Optical fiber compensates for soliton fluctuations
Early testing of soliton transmission over a newly developed optical fiber reveals the potential to increase current lightwave data rates by as much as five times while reducing overall costs.
Engineers from Corning Inc. in Corning, NY, and the University of Rochester in Rochester, NY, have built and tested an ultra-fast soliton/optical fiber transmission system. The system holds the promise of boosting data rates beyond 100 gigabits and of making soliton technology commercially viable. The work is funded by Corning, the New York State Science and Technology Foundation and the U.S. Army.
To date, the use of solitons--pulses or lightwaves that retain their shape as they travel under controlled conditions--in transmission systems has been experimental, according to Alan Evans, Corning senior research scientist.
As solitons travel along the length of the fiber, their intensity level changes the fiber`s index of refraction and keeps the solitons intact. However, solitons can run into dispersion problems because their energy level ultimately decreases as the solitons speed through long lengths of fiber. But boosting energy levels too high can cause the solitons to become unstable. Corning therefore built a special fiber to compensate for energy fluctuations by matching the solitons` decreasing energy level with a fiber whose dispersion decreases proportionally.
To that end, the use of a soliton transmission system--developed by Andrew Stentz, a graduate student at the University of Rochester, working closely with Robert Boyd, a professor at the university`s Institute of Optics--combined with Corning`s distinctive dispersion-decreasing fiber, helps keep the light pulses intact. "This is a first step to see if these fibers can be used to improve soliton transmission," says Stentz.
"Changing the properties of the optical fiber improves the transmission properties of the solitons. The solitons tend to keep their shape, which means little data loss," adds Evans.
Faster data rates
Because optical fiber is increasingly being installed in commercial and residential communications systems for carrying voice, data and video information, researchers are continually exploring ways to increase transmission rates. The challenge of faster data rates in fiber networks is keeping the signals intact by overcoming attenuation losses as the signals are transmitted and amplified through the fiber.
Using optical solitons in conventional and constant-dispersion fiber to increase data rates does not work well. The solitons or light pulses eventually lose energy and require amplification. Over very long cable distances, such as those involved in submarine ocean systems, the pulses eventually destabilize and fall apart. An indication of soliton degradation is an expanded and flattened pulse width.
In many transmission studies, researchers have overlooked changing the properties of the fiber along its cable length. For example, constant-dispersion fiber has been modified in composition, but its shape has remained constant. That is, the cross-section of the fiber maintains the same dimension throughout the length of the cable. In this manner, constant-dispersion fiber maintains a path-averaged balance along the length of the fiber.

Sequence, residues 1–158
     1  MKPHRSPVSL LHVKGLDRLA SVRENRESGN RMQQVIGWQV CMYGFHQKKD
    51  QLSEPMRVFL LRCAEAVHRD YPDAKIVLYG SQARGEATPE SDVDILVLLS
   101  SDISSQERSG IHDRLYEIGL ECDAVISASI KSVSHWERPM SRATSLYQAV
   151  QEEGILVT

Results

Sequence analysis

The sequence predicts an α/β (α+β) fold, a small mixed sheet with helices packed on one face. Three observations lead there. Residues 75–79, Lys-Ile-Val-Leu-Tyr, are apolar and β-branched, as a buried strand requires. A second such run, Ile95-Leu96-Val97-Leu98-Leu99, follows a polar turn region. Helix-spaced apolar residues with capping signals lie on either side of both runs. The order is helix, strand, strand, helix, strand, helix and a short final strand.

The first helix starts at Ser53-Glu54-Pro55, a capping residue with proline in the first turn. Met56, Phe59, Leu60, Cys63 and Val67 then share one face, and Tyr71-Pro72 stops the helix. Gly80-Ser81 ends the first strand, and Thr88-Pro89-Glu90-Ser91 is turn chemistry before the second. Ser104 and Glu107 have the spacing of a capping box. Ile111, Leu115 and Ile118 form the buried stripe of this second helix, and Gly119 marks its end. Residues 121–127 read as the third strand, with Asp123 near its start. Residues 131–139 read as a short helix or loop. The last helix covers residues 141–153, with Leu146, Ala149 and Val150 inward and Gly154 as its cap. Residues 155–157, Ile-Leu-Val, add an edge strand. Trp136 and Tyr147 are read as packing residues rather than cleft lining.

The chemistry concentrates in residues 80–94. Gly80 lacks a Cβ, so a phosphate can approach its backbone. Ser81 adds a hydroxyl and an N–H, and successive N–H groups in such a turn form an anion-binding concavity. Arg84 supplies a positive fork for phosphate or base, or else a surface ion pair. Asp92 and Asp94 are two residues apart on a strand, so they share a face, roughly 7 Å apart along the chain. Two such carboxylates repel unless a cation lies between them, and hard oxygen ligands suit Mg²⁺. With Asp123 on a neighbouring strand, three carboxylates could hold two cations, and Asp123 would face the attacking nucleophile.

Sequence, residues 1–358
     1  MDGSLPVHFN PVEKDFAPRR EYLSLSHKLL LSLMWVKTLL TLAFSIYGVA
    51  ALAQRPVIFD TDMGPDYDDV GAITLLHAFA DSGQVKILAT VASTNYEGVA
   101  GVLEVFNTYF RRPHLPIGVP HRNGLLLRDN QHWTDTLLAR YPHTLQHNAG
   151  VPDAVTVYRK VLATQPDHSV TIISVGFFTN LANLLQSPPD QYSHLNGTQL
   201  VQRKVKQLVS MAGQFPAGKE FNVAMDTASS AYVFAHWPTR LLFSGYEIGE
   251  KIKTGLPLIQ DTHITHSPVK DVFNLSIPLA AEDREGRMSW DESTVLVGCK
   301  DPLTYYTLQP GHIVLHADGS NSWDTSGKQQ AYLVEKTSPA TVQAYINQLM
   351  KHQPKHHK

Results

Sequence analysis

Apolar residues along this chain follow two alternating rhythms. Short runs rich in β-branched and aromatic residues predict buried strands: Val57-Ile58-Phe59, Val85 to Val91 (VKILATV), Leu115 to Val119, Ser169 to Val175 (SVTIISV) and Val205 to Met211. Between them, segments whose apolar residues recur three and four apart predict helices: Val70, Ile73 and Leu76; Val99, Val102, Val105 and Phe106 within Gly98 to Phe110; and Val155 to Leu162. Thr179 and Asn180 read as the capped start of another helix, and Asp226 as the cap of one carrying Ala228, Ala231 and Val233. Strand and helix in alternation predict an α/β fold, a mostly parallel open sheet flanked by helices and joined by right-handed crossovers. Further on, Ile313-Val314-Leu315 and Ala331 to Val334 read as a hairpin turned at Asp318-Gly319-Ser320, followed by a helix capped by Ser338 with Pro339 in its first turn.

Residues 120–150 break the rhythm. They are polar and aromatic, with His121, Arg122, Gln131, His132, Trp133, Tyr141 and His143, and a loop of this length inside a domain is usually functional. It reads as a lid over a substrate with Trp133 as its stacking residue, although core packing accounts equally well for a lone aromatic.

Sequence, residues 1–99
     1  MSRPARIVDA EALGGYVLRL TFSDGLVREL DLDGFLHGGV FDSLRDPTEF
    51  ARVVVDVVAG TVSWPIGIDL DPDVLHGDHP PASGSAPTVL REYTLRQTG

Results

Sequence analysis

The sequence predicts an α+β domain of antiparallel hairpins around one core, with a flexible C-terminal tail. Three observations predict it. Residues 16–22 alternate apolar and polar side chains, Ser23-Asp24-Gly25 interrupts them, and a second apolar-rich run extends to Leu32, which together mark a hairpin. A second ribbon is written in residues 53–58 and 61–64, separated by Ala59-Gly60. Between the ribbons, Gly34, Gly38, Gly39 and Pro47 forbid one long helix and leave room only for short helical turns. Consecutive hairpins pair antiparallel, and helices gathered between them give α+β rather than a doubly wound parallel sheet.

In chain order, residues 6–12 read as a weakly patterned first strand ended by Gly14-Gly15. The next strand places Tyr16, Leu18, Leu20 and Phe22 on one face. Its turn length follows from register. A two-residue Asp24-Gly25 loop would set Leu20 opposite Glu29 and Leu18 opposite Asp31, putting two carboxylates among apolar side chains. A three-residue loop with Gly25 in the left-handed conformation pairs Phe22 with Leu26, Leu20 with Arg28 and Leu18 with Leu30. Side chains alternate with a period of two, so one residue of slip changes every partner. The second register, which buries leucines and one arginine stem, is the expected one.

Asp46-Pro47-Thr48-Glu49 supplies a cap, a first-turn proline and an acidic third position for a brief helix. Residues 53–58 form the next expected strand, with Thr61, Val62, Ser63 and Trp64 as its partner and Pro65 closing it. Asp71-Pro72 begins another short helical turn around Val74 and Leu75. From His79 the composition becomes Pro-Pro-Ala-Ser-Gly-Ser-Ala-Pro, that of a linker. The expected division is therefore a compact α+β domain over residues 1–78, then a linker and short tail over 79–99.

On the other hand, the cross-section of Corning`s dispersion-decreasing fiber is tapered, causing the dispersion properties of the fiber to change as a function of length. Consequently, as the pulse energy decreases and nonlinear effects diminish, the dispersion proportionally affects decrement. All these interactions enable the pulses to propagate without changing shape.
To test Corning`s fiber, Stent¥built a soliton laser system based on erbium-doped optical amplifiers. The laser generated 1-picosecond pulses, which are many times faster than those used in today`s fiber systems. Stent¥transmitted the light pulses through a 40-kilometer spool of dispersion-decreasing fiber in a laboratory environment. The solitons emerged intact.
In addition to faster data rates and lower losses, dispersion-decreasing fiber permits network optical amplifiers to be set farther apart. Consequently, fewer optical amplifiers are needed for a given segment of fiber, thereby reducing network costs. Amplifiers cost approximately $20,000.
Amplifiers for submarine systems
In submarine systems, amplifiers are needed every 25 to 30 kilometers, or 15 to 18 miles. With the new system, submarine distances for amplification could potentially extend more than 100 kilometers, according to Evans. Such systems that use the special compensating fiber would need fewer amplifiers, resulting in substantial savings.
The joint experiment by Corning and the University of Rochester should also help eliminate the attenuation issues associated with the use of solitons in transmission systems. Other developments, such as filtering schemes addressed by AT&T Bell Laboratories, Norcross, GA, to reduce noise in optical amplifiers, could clear the way for future uses of solitons in practical transmission systems.
In another soliton investigation, the Centre National d`Etudes des Telecommunications research laboratories of France Telecom in Paris have achieved 1 million kilometers of error-free, 10-gigabit-per-second transmissions supported by optical amplifiers spaced at 70-km intervals (see Lightwave, October 1994, page 8).
Nevertheless, more work is needed. "This experiment demonstrated the capability of the special fiber," says Evans. Next, researchers will have to send encoded data through the fiber and measure the bit-error rate of the output.
Even after additional experimentation is completed, issues related to the feasibility and cost associated with manufacturing the new optical fiber will have to be determined. Consequently, commercial products based on this experiment appear to be several years away. q
Lynn Haber is a freelance writer based in Boston.